White River (Bull Shoals Tailwater)
(updated 3-2-2016) Sportsman’s White River Resort (870-453-2424) said the water is a little stained and the generation has dropped to three- to five units per day. Trout are biting well on pink worms, Power Bait and shrimp. The brown trout are biting very well on white jigs, Rapala Floating Minnows and Smithwick Rattlin’ Rogues.
(updated 2-24-2016) Berry Brothers Guide Service (870-453-2424) said the White has seen heavy generation with no wadable water. The combined outflow and generation equal 27,500 cubic feet per second (cfs) or the equivalent of nine full generators. The hot spot has been the catch-and-release section below Bull Shoals Dam. The hot flies were olive woolly buggers (sizes 8-10), Y2Ks (sizes 12-14), prince nymphs (size 14), zebra midges (black with silver wire and silver bead or red with silver wire and silver bead, sizes 16-18), pheasant tails (size 14), ruby midges (size 18), root beer midges (size 18), pink and cerise San Juan worms (size 10), and sowbugs (size 16). Streamer fishing has heated up with the high water. With the heavy flows, the fish have been pushed to the bank. The best bet for large trout has been to bang the bank with large articulated streamers delivered with heavy, 24- to 30-foot sink tip line. You will need an 8- or 9- weight rod. This is heavy work but the rewards can be great.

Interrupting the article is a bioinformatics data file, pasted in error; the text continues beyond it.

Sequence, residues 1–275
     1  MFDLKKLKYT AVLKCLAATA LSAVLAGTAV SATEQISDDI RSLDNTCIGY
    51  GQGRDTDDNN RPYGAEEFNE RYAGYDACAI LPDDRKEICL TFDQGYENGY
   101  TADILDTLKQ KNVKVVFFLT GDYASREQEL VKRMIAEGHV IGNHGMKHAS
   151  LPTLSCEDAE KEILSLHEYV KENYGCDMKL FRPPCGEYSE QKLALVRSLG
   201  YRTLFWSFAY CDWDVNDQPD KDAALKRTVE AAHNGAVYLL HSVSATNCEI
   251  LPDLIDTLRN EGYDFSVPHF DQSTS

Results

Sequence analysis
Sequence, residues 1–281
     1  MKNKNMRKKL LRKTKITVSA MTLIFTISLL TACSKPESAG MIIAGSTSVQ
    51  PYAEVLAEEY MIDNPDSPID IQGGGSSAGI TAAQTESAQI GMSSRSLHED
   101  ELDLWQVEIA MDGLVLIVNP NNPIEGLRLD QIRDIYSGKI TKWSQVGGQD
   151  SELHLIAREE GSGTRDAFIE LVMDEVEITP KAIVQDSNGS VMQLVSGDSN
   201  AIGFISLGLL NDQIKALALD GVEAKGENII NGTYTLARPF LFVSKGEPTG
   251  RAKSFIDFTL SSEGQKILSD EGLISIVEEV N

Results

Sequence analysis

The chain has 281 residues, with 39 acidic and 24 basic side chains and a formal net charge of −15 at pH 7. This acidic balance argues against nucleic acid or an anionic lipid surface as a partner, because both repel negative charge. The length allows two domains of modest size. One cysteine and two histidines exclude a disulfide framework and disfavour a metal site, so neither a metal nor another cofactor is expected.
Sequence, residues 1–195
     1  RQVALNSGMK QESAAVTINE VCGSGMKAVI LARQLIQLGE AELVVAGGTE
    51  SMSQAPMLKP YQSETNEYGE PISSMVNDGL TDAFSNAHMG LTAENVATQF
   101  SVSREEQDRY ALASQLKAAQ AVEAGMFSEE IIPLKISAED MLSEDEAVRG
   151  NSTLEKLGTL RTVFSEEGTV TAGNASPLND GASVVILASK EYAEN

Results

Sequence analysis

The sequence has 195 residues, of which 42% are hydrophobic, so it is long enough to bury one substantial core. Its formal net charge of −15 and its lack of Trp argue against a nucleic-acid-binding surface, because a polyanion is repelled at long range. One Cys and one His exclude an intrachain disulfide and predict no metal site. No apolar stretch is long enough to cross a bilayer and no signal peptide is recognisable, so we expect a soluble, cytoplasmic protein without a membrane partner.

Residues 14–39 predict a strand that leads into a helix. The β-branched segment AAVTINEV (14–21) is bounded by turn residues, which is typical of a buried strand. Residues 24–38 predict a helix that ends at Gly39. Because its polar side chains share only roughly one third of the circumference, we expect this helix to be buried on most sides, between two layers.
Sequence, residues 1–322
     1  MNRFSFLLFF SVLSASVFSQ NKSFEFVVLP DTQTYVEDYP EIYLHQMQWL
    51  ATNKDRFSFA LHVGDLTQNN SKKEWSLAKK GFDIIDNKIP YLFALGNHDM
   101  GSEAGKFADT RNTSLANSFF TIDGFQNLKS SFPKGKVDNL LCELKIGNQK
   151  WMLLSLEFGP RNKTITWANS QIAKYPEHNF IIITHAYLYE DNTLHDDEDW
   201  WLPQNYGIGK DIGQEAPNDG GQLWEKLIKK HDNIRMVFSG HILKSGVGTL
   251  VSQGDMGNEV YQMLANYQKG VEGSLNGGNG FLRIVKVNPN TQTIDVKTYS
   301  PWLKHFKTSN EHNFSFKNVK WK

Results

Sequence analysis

North Fork River (Norfork Tailwater)
(updated 2-24-2016) Berry Brothers Guide Service (870-453-2424) said in an effort to lower the lake levels before the spring rains, the Corps of Engineers has opened flood gates. Releases on the Norfork equal 10,000 cfs, the equivalent of three full generators. The water has been off-colored, but is beginning to improve. The most productive flies have been small midge patterns (sizes 18-22) like ruby midges, root beer midges, zebra midges (black or red with silver wire and silver bead) and soft hackles (sizes 14-16) like the green butt. Egg patterns have also been productive. Double-fly nymph rigs have been very effective. Try a small bead-headed nymph (zebra midge, copper John or pheasant tail) suspended 18 inches below a brightly colored San Juan worm (hot fluorescent pink or cerise, size 10). There have been reliable hatches of small midges (try a size 24 Adams parachute) and caddis (size 18 elk hair caddis). My favorite combination has been a cerise worm with a Sunday special drop